And what does that tell us? That Android is indeed the dominant installed base in the US, with nearly 57m users; next is iOS, with just under 36m users. RIM has 11.8m; Microsoft, 4.2m, and Nokia’s Symbian is still in the not-yet-cold-or-dead hands of just under a million people. In all, more than 110m people in the US has a smartphone – but that’s out of a mobile-owning population of 234m. There’s a huge amount of room for those four platforms (and any new ones) to expand into; more than half of users there don’t yet have a smartphone.
New users, or just new phones?
So in the US, by the ComScore numbers, Android has 51.6% of the installed base of smartphones in the US; iOS 32.4%; RIM 10.7% (but falling); Microsoft 3.8%.
The shocking thing, really, is that the ComScore numbers suggest that the net increase in smartphone ownership over the past three months was less than 4m – yet in that time Gartner is saying 23m handsets were shipped (of which most, one would think, were sold). That’s a lot of trading up by existing users.
We can even break it down further: 13.3m Android devices were shipped to the US; the Android installed base increased by 2.65m (on my interpretation of the figures ComScore releases).
For iPhones, it’s 8.3m shipped, while the installed base increased by just over 3m. On that data, Apple would seem to be getting less churn, and growing its users more as a proportion of shipments than Android.
The intriguing thing with Android’s installed base share is that it is bumping along at about 51%; the distortions in the US market (which make iPhones on contracts cost almost the same as much cheaper Android phones) mean that the iPhone gets a disproportionate share. Every month, about another million featurephone users shift to a smartphone; and it seems that Android captures about half of them, though sometimes the iPhone does. (It’s hard to be sure, though, because there are also defections among platforms, with people leaving RIM and Symbian in particular.) What’s clear is that feature phone users are, slowly but surely, upgrading to smartphones.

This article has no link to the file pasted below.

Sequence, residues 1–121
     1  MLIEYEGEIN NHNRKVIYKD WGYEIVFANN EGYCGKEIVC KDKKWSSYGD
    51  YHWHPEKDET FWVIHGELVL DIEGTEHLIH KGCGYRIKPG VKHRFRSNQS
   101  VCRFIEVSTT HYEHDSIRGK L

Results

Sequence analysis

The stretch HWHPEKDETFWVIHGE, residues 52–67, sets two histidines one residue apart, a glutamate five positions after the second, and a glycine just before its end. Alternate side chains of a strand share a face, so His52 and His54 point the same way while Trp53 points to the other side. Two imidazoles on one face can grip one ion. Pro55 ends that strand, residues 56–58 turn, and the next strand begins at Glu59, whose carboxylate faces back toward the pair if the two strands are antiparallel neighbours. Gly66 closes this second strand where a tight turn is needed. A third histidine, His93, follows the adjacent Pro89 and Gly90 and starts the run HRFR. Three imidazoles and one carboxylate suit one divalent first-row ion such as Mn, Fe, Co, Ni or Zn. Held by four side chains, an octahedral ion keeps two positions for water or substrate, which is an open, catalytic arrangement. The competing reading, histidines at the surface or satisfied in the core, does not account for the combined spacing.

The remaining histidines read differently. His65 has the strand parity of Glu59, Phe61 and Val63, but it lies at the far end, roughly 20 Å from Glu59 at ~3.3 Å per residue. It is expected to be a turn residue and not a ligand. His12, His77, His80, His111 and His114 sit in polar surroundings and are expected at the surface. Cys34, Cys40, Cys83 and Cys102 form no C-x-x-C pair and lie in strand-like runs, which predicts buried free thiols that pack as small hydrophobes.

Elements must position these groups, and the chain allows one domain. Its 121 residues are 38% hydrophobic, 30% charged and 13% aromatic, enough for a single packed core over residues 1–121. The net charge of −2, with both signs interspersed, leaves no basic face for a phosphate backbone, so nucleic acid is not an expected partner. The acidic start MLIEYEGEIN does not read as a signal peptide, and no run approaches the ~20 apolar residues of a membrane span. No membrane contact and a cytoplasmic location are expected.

Everyone’s a winner
The conclusion? Android is indeed winning – in the US as well as China. But the single "worldwide" figure masks far more complexity in the market than you might think, and the fact that Android’s "market share" (the sales snapshot) is high and growing actually masks a situation in the US – where, like it or not, many of the headline apps appear – that favours the iPhone.
In Europe (for which figures weren’t available), Android likely has a similar advantage – but remember the distortion of the Chinese market on the "average". For the rest of the world, Android is closer to that 56% figure of the US, and other platforms stronger than iOS.
Even then, though, the story isn’t so simple, because of the twin hassles for Android developers of different devices, and of OS fragmentation, and different monetisation.
From the Techcrunch comments, one finds this:
Meanwhile in the discussion on Branch (side note: it’s already useful) about Android fragmentation, there’s a comment from Matt Brezina – co-founder and chief executive of Sincerely, and previously the founder of Outlook inbox organiser Xobni:
I’m on the front lines – building both iPhone & Android apps. I won’t comment on the revenue disparity between the two – that is for a different branch. But I will say we release lower quality, less tested apps on Android because we can never test all devices – we test live with our customers. It sucks. Luckily the Android customers know to submit their android device & OS whenever they send us bug reports.
Fragmentation in my experience has produced less, and lower quality apps.
Of course fragmentation is often in the eye of the beholder; for someone using a device, it doesn’t matter what the latest and greatest version of Android is (and, as is always pointed out, developers can target multiple versions of Android inside the development framework). All that matters is what they have.
And while we’re on that topic, the latest monthly figures from Google Play are in, and show that Android 4.0 is rising rapidly, and has now passed "Froyo" (2.2, released in June 2010). It’s still the year of Gingerbread, but all the signs are that Android 4.x is going to rule 2013.